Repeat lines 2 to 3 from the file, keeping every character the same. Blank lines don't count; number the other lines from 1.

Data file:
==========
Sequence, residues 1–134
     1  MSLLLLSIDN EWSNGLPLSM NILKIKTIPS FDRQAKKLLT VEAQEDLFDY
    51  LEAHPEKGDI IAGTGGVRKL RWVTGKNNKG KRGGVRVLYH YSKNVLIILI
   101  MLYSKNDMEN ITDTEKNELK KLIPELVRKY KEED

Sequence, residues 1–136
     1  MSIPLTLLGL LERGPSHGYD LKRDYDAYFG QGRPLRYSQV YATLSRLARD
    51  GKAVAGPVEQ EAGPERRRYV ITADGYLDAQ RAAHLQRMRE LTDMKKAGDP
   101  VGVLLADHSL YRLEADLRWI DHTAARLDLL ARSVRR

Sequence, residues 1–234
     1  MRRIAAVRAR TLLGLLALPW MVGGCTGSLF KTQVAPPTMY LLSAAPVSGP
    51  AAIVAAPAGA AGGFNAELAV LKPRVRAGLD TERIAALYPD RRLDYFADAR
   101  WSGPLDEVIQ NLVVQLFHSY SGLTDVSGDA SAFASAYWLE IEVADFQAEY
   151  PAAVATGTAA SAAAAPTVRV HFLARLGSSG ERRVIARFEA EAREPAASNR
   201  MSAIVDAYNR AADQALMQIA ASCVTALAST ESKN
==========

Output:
     1  MSLLLLSIDN EWSNGLPLSM NILKIKTIPS FDRQAKKLLT VEAQEDLFDY
    51  LEAHPEKGDI IAGTGGVRKL RWVTGKNNKG KRGGVRVLYH YSKNVLIILI